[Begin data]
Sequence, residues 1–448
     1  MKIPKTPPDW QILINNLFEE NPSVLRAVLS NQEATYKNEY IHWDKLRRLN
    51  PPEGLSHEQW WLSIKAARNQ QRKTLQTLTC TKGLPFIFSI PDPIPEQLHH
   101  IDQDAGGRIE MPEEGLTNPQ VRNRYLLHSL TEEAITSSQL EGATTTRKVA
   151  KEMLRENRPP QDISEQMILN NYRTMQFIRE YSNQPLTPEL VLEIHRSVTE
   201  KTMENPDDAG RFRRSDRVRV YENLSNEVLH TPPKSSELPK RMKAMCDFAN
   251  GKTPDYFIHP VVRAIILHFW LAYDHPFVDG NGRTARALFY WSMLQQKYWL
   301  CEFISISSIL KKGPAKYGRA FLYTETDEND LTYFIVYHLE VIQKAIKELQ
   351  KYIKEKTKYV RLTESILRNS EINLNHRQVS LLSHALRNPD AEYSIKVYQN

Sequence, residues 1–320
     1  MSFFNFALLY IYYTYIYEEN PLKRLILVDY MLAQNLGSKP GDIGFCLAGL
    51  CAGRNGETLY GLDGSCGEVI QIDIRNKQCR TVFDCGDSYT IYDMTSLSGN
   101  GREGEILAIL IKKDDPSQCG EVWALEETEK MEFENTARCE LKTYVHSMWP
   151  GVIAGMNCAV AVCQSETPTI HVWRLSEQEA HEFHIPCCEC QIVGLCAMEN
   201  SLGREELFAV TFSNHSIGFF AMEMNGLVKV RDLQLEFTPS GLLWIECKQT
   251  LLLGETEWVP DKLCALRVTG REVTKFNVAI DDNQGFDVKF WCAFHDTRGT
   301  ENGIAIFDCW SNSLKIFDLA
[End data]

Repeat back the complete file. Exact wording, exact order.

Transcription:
Sequence, residues 1–448
     1  MKIPKTPPDW QILINNLFEE NPSVLRAVLS NQEATYKNEY IHWDKLRRLN
    51  PPEGLSHEQW WLSIKAARNQ QRKTLQTLTC TKGLPFIFSI PDPIPEQLHH
   101  IDQDAGGRIE MPEEGLTNPQ VRNRYLLHSL TEEAITSSQL EGATTTRKVA
   151  KEMLRENRPP QDISEQMILN NYRTMQFIRE YSNQPLTPEL VLEIHRSVTE
   201  KTMENPDDAG RFRRSDRVRV YENLSNEVLH TPPKSSELPK RMKAMCDFAN
   251  GKTPDYFIHP VVRAIILHFW LAYDHPFVDG NGRTARALFY WSMLQQKYWL
   301  CEFISISSIL KKGPAKYGRA FLYTETDEND LTYFIVYHLE VIQKAIKELQ
   351  KYIKEKTKYV RLTESILRNS EINLNHRQVS LLSHALRNPD AEYSIKVYQN

Sequence, residues 1–320
     1  MSFFNFALLY IYYTYIYEEN PLKRLILVDY MLAQNLGSKP GDIGFCLAGL
    51  CAGRNGETLY GLDGSCGEVI QIDIRNKQCR TVFDCGDSYT IYDMTSLSGN
   101  GREGEILAIL IKKDDPSQCG EVWALEETEK MEFENTARCE LKTYVHSMWP
   151  GVIAGMNCAV AVCQSETPTI HVWRLSEQEA HEFHIPCCEC QIVGLCAMEN
   201  SLGREELFAV TFSNHSIGFF AMEMNGLVKV RDLQLEFTPS GLLWIECKQT
   251  LLLGETEWVP DKLCALRVTG REVTKFNVAI DDNQGFDVKF WCAFHDTRGT
   301  ENGIAIFDCW SNSLKIFDLA